We will, however, reverse even on a relinquished ground if the district court committed plain error. United States v. Phillips, 37 F.3d 1210, 1215 (7th Cir.1994). We have stated that "[a] reversal on the basis of plain error can be justified only when the reviewing court is convinced that it is necessary in order to avert an actual miscarriage of justice." D'Iguillont, 979 F.2d at 614 (citation omitted). That is, to establish plain error, Hicks "must show that but for the breach of the plea agreement his sentence would have been different." D'Iguillont, 979 F.2d at 614 (citation omitted). We would engage in a plain error analysis except for another wrinkle--Hicks not only waited until appeal to bring a charge that the government breached the plea agreement, he also signed a plea agreement which included a waiver of his right to appeal his sentence on any grounds (if that sentence is within the maximum guideline range). As far as we can tell, there is no case from this Circuit in which both of these waiver issues are simultaneously implicated.
The Ninth Circuit, however, has addressed both issues at the same time. In United States v. Gonzalez, 16 F.3d 985, 987 (9th Cir.1993),2 the government and Gonzalez entered into a plea agreement in which Gonzalez agreed to waive his right to appeal and the government agreed to ask for a two-level departure for acceptance of responsibility. Id. In the PSR, the probation officer found that Gonzalez had in fact shown remorse, and he recommended a downward adjustment for acceptance of responsibility. The government objected. At sentencing, the probation officer informed the court of the disagreement. Id. The district court gave a tentative ruling in favor of the adjustment, but then asked if the government had anything to say. Id. The government responded by opposing the two-level adjustment. The district court ultimately denied the reduction for acceptance of responsibility. Id.
Gonzalez appealed, contending that the government breached his plea agreement by opposing a two-level reduction in sentencing for acceptance of responsibility. 981 F.2d 1037, 1038 (9th Cir.1992). The government filed a motion to dismiss the appeal, arguing that Gonzalez had waived his right to appeal under the plea agreement. Id. The court found that Gonzalez's contention called into question the validity of his waiver. Id. It denied the government's motion and concluded that the issue should be resolved by a merits panel, along with any other issues that the merits panel determines are properly before it. Id.
In United States v. Gonzalez, 16 F.3d 985, 989 (9th Cir.1993), a merits panel characterized the nature of Gonzalez's appeal. The court determined that Gonzalez was not appealing the government's breach of the plea agreement. Id. The court found that Gonzalez was instead arguing that the government's breach of the plea agreement released him from his obligation not to appeal his sentence. Id. The court concluded that Gonzalez's argument was that he was entitled to a reduction for acceptance of responsibility because he had expressed remorse for his crime, not because the government breached the plea agreement at sentencing when it stated that Gonzalez was not entitled to the reduction. Id.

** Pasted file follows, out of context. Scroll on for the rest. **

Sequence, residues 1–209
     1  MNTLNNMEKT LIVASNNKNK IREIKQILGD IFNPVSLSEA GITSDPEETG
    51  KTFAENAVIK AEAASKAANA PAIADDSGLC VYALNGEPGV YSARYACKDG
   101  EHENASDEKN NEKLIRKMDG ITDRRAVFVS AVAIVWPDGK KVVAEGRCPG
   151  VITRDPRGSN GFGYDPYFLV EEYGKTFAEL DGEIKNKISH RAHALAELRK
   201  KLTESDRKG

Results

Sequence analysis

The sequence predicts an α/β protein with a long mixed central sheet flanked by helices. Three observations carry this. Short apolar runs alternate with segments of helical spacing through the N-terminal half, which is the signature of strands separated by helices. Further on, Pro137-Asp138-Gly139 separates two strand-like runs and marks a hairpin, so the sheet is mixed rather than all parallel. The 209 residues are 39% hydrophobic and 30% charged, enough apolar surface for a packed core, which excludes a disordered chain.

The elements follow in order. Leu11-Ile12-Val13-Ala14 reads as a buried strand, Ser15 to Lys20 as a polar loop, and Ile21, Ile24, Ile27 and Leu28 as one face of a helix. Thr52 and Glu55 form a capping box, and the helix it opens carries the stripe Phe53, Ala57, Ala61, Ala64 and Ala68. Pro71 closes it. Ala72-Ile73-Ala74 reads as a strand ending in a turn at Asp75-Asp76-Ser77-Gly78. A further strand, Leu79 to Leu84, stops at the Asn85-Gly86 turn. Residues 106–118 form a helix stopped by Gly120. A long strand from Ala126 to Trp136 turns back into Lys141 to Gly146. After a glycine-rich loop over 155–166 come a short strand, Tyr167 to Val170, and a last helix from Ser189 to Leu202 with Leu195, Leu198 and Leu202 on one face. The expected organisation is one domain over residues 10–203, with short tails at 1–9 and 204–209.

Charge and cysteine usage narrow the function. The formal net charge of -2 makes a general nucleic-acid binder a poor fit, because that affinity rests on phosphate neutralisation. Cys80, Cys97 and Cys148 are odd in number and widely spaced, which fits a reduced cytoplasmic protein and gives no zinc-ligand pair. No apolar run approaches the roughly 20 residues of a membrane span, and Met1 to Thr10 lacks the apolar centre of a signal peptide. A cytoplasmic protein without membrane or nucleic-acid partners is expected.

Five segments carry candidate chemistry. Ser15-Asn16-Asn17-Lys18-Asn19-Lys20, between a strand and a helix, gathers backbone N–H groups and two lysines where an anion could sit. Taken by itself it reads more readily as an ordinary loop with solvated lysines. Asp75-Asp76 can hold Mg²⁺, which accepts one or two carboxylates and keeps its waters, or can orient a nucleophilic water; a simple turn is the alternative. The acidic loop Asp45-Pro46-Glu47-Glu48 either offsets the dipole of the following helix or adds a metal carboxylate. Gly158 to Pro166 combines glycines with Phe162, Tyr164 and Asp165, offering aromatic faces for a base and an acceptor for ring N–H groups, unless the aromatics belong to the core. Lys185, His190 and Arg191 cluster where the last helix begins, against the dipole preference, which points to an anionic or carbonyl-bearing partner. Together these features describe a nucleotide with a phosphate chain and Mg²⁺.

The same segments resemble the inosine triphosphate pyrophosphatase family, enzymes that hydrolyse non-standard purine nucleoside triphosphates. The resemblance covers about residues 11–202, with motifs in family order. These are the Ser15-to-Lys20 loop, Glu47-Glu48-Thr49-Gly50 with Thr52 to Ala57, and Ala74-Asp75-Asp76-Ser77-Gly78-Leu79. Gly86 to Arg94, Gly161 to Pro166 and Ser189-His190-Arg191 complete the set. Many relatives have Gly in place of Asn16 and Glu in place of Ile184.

The court acknowledged that Gonzalez's failure to raise the breach issue in the district court typically would have prevented him from arguing on appeal that he was entitled to a remedy for the breach, such as specific performance. Id. But the court found:
Gonzalez's inaction, however, has no bearing on whether the government did in fact breach the agreement for purposes of determining whether Gonzalez may bring this appeal at all. These are two separate and distinct issues. Where the sole purpose of asserting a plea agreement breach is to avoid a waiver of the right to appeal, it would be meaningless to make such an argument below for the simple reason that district courts need not concern themselves with a defendant's appeal beyond informing him of the right. We recognize the district court's role as fact finder in cases of alleged plea agreement breaches, and in appropriate instances it will be necessary to remand a case for determination by the district court whether the government breached the plea agreement. In the present case, however, the breach is clear. By opposing the acceptance of responsibility adjustment, the government by its breach of the agreement released Gonzalez from his promise ... not to appeal. Once released from the bar of the appeal waiver, Gonzalez may raise any claim relating to the sentence, except a contention that first should have been presented to the district court.
In this case, we agree with Gonzalez insofar as it holds that the failure to raise the breach issue in district court prevents a defendant from arguing on appeal that he is entitled to a remedy for the breach, such as specific performance. But the rest of the rationale in Gonzalez amounts to nothing more than splitting hairs. We cannot accept that a defendant's inaction at sentencing has no bearing on whether the government did in fact breach the agreement for purposes of determining whether a defendant may appeal at all. In our case, Hicks promised that he would not appeal and his inaction at sentencing means that he has waived the issue of whether the government did, in fact, breach the plea agreement. We must therefore dismiss Hicks' appeal.
We think that Judge Kozinski's dissent in Gonzalez, 981 F.2d at 1041, hits the mark much more accurately than does the majority. As he points out, when the defendant and the government enter into a plea bargain in which the defendant agrees not to appeal and the government promises to make a certain sentencing recommendation, the government breaches the plea agreement when it fails to make the promised recommendation. Id. Arguably, then, a defendant should be allowed to appeal on the narrow issue of whether the government has breached its responsibilities under the plea agreement. Id. If the reviewing court concludes that the government did indeed breach its side of the bargain, the most the defendant could hope for is specific performance, which, in our case, would be the promised three-level departure downward for acceptance of responsibility. Id.